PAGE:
Queen's Speech: warning that secrecy Bill is 'sell-out' to security forces
Posted: 09 May 2012
‘These proposals are dangerous and should be dropped’ - Tara Lyle
Responding to an announcement in today’s Queen’s Speech that the government will bring forward a Bill to allow new secret justice measures, Amnesty International UK Policy Adviser Tara Lyle said:
“These proposals are dangerous and should be dropped.
“They will allow the government to throw a cloak of secrecy over wrongdoing, including matters as serious as the alleged involvement by UK officials in human rights violations like rendition, secret detention and torture.
“After David Cameron promised to get to the bottom of allegations of complicity in human rights violations by UK officials, this Bill is a sell-out to the security services.
“The victims of human rights abuses as well as the general public have a right to learn the truth about whether and how government officials have been involved in human rights violations like rendition, secret detention and torture.
“If members of the intelligence and security services are suspected of involvement in human right violations, the government should not be able to invoke ‘national security’ to avoid real accountability.”
The proposals for the Bill - as set out in last year’s Justice and Security Green Paper - come after a recent civil action for damages brought by a number of individuals who alleged that the UK had been involved in their rendition, unlawful detention and mistreatment. The proposed legal changes will allow the use of “closed material procedures” in future civil claims cases. This can involve excluding the parties to the case and their lawyers and their replacement by an appointed “special advocate” who is supposed to represent their interests. The majority of special advocates who have appeared in these types of proceedings in other contexts have denounced the proposals.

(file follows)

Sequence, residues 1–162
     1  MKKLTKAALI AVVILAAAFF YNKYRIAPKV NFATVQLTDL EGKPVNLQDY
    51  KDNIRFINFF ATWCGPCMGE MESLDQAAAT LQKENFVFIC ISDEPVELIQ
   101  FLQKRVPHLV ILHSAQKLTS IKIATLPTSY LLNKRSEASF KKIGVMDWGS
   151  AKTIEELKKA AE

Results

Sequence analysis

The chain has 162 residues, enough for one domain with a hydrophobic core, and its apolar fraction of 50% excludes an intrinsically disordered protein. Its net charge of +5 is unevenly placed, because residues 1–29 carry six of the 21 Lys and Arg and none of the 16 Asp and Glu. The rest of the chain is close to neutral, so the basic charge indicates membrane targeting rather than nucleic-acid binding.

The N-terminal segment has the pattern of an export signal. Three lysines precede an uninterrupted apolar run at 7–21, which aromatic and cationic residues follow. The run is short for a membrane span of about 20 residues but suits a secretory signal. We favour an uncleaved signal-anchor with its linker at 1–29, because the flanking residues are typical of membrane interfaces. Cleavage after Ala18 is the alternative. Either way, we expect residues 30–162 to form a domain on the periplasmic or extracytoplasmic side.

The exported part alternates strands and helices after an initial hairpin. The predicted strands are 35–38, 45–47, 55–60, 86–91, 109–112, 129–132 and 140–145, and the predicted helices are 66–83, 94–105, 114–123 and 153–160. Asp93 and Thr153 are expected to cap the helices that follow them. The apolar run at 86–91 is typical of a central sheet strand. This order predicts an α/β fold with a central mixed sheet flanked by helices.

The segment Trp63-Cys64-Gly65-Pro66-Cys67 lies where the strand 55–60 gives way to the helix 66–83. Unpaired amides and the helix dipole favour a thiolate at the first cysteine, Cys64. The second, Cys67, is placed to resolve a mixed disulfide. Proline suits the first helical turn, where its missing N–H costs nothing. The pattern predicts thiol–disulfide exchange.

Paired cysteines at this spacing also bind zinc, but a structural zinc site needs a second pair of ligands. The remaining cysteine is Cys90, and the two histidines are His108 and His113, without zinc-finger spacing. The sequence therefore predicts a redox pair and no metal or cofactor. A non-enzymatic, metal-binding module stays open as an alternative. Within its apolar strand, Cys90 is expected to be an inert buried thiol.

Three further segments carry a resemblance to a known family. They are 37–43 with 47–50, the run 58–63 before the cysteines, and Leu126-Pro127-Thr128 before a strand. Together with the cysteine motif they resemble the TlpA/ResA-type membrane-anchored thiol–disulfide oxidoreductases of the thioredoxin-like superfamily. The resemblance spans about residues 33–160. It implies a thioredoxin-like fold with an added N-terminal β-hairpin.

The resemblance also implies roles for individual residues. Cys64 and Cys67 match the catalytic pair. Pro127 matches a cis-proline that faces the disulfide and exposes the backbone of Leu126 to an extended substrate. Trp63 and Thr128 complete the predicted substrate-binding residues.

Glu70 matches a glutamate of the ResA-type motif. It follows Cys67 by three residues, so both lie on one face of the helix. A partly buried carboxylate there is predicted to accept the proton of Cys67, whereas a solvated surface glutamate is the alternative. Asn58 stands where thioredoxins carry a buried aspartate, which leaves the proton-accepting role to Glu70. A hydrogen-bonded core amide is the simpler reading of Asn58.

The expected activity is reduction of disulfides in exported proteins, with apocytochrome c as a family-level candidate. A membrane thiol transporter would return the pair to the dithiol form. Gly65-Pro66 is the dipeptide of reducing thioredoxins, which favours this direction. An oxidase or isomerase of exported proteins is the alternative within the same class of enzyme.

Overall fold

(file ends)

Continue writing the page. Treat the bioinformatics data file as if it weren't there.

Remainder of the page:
Whilst Amnesty recognises that the government could lawfully restrict disclosure of information in some circumstance - such as where this would put the lives or safety of identifiable individuals at risk - the organisation believes that the government’s broad proposals will fail to ensure that victims of alleged human rights violations receive an effective remedy and may undermine their right to a fair trial. The proposed measures also depart from traditional common law standards of fairness and open justice, says Amnesty, and will allow the government to avoid proper scrutiny of its human rights record.
Amnesty has previously made a submission to the government of its concerns and has also given written and oral evidence to the Joint Committee on Human Rights on the issue.